Juice: A good idea goes bad

Posted: Friday, February 09, 2001

Fruity colors saved Apple Computers. They also revved up a 90s version of the Volkswagen Bug. But here's hoping those same fruity colors flop for the Leatherman Tool Group.

Peacocking up computers and cars made sense. Both the computer and auto industry, and the consumers that dote on them, make a habit of excess.

Those industries thrive on advertising departments continually making fresh items seem unwanted and obsolete.

Drive a new car off the lot and you've lost thousands of dollars. Buy a computer with a Pentium chip, and three months later a neo-Gumby creature is on TV teasing that times have passed you by. About the only item that devalues quicker is "fresh air" waiting to be exhaled.

But there are some product makers that have stood firm against excess. The Leatherman Tool Group, makers of multipurpose tools, has been one of those companies.

In 1975, founder Tim Leatherman ditched the standard scouter's knife and spent eight years engineering the original Leatherman tool.

Eight years is an unheard amount of time for product development in the world of cars and computers. As a point of reference, the new millenni

um Apple G4 has more computing power than the 1960s Apollo space program did. And it comes in different colors, too.

Leatherman took his time on his creation because he was "trying to build a pocket tool that met not only my needs, but the needs of others as well."

That utilitarian attitude has played well in the Last Frontier, making the Leatherman as ubiquitous to an Alaskan's belt as the buckle.

Many say there's no problem a Leatherman can't solve, or at least Band-Aid until more appropriate action can be taken. I've often heard people chide that the tool is unnecessary for daily living, but I've just as often heard people ask me if they could borrow my Leatherman.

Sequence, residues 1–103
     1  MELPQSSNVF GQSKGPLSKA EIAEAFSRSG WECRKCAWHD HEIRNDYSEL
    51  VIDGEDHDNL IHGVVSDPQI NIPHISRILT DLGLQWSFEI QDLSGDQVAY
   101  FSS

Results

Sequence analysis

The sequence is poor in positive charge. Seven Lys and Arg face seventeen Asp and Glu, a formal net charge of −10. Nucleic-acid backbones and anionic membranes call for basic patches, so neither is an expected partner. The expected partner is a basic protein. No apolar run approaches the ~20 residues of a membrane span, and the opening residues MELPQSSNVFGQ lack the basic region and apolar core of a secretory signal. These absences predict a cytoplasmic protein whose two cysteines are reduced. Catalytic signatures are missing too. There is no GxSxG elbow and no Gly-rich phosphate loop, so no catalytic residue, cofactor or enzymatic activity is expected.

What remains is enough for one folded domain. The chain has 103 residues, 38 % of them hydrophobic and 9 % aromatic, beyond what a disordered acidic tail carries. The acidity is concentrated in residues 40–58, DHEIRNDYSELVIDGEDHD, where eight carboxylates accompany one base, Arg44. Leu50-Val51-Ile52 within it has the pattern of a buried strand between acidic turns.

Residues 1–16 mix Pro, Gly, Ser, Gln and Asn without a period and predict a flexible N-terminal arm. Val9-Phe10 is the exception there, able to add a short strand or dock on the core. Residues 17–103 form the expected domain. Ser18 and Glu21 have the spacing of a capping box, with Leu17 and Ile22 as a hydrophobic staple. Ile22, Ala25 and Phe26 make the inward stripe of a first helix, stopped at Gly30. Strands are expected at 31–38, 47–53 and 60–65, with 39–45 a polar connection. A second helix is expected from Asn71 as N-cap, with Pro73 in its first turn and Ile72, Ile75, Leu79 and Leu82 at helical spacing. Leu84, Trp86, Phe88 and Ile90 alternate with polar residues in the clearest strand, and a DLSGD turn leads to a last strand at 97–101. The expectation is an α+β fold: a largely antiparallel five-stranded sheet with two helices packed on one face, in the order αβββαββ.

They make everything easier, whether it's using the knife in place of monkeying around trying to tear open a bag of Fritos, or fixing a pack before skiing 11 miles back to the car in wind chills of minus 50 degrees.

But that utilitarian attitude doesn't play in corporate America, where the idea is to be as coveted as a pair of Abercrombie & Fitch pants, not as useful as a pair of them.

So Leatherman is following cars and computers into the world of candy colors with Juice, a new line of tools expected to be out in the fall. The idea behind Juice is a Leatherman that taps not only a can of beans, but new markets as well.

The Juice line of tools has all the features Leatherman users have come to love, such as pliers, knives and screwdrivers. But it also has a Lucky Charms array of colors -- red, orange, yellow, blue and purple. Each color has its own unique set of features.

It used to be multitool talk centered on the usefulness of the tool. Some swear by Gerber tools because they have pop-out pliers. Plus, the handles on the pliers pinch all the way together, which can be useful for stripping wires.

Aaah, the Leatherman user would counter. But what happens when palm flesh gets caught between the two grips of the pliers, leaving a blood blister? Plus, who really needs pliers that pop out? And if it's stripping wires you want, the Leatherman Wave has a wire stripper on its can/bottle opener.

But with Juice, such productive talk goes out the window. In its place? "Dude, I think you should get this one. It compliments the color of your snowboard."

Leatherman's change from useful to trendy can be summed up by slogans. Leatherman's is "One tool. A couple thousand uses." Juice's is "Get Juiced."

Alaskans have to be wondering what could possibly be next. Carhartts with trendy cargo pockets? Designer duct tape? Tarps by Martha Stewart? "New and improved" cast-iron skillets?

Leatherman is just another American icon (The New York Times printing pictures in color, the Denver Broncos naming their stadium Invesco Field at Mile High) that let money corrupt its original ideals.

The problem of creating a new market is the one problem I've ever wished a Leatherman couldn't solve.

This column is the opinion of Peninsula Clarion sports editor Jeff Helminiak. He can be reached at clarion@alaska.net.

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